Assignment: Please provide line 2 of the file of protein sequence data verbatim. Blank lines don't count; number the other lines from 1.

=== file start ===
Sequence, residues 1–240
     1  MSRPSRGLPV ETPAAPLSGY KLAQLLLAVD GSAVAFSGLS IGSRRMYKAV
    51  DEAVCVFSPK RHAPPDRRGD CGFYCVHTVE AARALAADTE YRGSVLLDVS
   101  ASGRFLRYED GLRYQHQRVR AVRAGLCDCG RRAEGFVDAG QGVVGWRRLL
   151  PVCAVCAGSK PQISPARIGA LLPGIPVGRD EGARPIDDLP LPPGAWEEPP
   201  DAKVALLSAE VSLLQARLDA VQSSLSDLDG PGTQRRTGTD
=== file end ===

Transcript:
     1  MSRPSRGLPV ETPAAPLSGY KLAQLLLAVD GSAVAFSGLS IGSRRMYKAV